Every time a natural or man-made catastrophe strikes, human compassion results in an outpouring of aid, including medical assistance and money for support operations and reconstruction. At such times, political differences can be cast aside.
Such generous responses to suffering are noble indeed, but as laudable as that reflex may be, the result might not be the one that is intended.
The region’s two latest catastrophes — the devastating cyclone in Myanmar, which has resulted in more than 120,000 deaths, and the powerful earthquake centered in China’s Sichuan Province, killing about 50,000 — offer us perfect examples of cases in which providing cash assistance may be counterproductive.
This is not to say that the victims and local governments do not need money to deal with the immediate impact of the catastrophes and their after-effects, for they do. Rather, the reason why donor countries should refrain from giving money is that doing so takes away responsibility from the central governments that should be providing for the victims.
Sending cash also allows governments to maintain grave economic disparities and socioeconomic neglect that contributed partly to the high death toll in the first place (a similar argument has been made against providing humanitarian assistance during armed conflict, as doing so allows warring factions to focus their efforts on waging war rather than caring for their own people).
Myanmar’s case is more problematic, as it involves a government that is not, by any standard, a wealthy one.
Nevertheless, its flagrant disregard for the welfare of its citizens in the wake of Cyclone Nargis and its failure to respond appropriately underscored the fact that it is unrepresentative of Burmese and unworthy of being their government.
By providing money and assistance, contributing countries could paradoxically contribute to the survival of the regime by giving it a new lease on life.
In other words, donor aid — provided it reaches those in need — would act as a life support for a junta that should be overthrown for its criminal failure to provide for ordinary people.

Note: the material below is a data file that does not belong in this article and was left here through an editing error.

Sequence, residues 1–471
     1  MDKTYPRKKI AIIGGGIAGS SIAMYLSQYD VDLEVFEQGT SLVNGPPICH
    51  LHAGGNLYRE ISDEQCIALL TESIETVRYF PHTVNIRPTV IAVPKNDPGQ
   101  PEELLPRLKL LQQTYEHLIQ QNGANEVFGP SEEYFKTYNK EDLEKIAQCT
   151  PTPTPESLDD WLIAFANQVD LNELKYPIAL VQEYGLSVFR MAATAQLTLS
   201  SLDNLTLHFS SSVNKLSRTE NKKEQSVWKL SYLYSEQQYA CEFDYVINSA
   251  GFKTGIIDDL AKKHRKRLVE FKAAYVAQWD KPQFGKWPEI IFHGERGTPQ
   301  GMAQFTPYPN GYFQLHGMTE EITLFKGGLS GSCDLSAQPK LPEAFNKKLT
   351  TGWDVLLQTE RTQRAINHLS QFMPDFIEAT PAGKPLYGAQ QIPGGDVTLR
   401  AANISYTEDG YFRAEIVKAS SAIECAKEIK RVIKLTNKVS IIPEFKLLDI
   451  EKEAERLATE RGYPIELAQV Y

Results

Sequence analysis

The case of the Sichuan earthquake provides an even starker justification for why donor countries should refrain from giving money, and this is particularly the case for Taiwan, which, with NT$2 billion (US$65 million) set aside, quickly became one of the top contributors of aid, both monetary and medical. The reflex to give to victims and their families is natural and worthy. But unlike Myanmar, the central government in Beijing, with the world’s biggest foreign reserves and a booming economy, has more than enough money to provide for its people, including those made destitute by natural disaster.
If the infrastructure in Sichuan Province did not meet safety standards — and the uneven pattern of devastation in certain towns suggests this — then this was not the result of empty government coffers, but rather an unequal distribution of wealth. In this regard, China is faring quite badly, as its Gini coefficient (a measure of a state’s domestic inequality, with zero meaning perfect equality and 100 perfect inequality) of 46.9 — and growing — shows us.
Given the assessment of financial analysts that, despite the devastation, the damage to China’s economy will be minimal — the booming centers in the province were largely spared by the earthquake — Beijing will have little incentive to make financial investments in the region on a scale that would ensure a catastrophe of this avoidable magnitude does not happen again. Rather, the money for ordinary Chinese who really need it will come from donor countries, including Taiwan.
The irony in Taiwan donating cash for reconstruction in Sichuan lies in the fact that a good part of Beijing’s military budget, estimated at US$46 billion this year and growing at a rate of 17.6 percent, goes toward the deployment and modernization of weapons and forces that threaten Taiwan. It would be interesting to see how many schools, hospitals and apartment complexes in Sichuan could be rebuilt, or orphans cared for, with the money that Beijing spends annually on the deployment of the more than 1,000 missiles it aims at Taiwan, including their maintenance, the research and development that has gone into making the missiles more accurate, the logistics and troops that are involved in targeting processes and the large-scale, annual military exercises simulating an invasion of Taiwan.
In spite of this very real threat, Taiwan has promised millions of dollars in aid, and Taiwanese, who will be on the receiving end should those missiles be launched, are wiring money or giving to aid organizations appearing on street corners or in appeals on TV.
They are well-meaning, but they are also fortifying a regime that not only continues to fail to meet the needs of its citizens, but also threatens citizens of other countries.
Taiwanese can help those in need in Sichuan Province. But that help should come in the form of expertise, not money.
Giving the latter hurts not only Chinese in the lowest economic strata who should be getting more out of their powerhouse economy, but also Taiwanese themselves.
J. Michael Cole is a writer based in Taipei.
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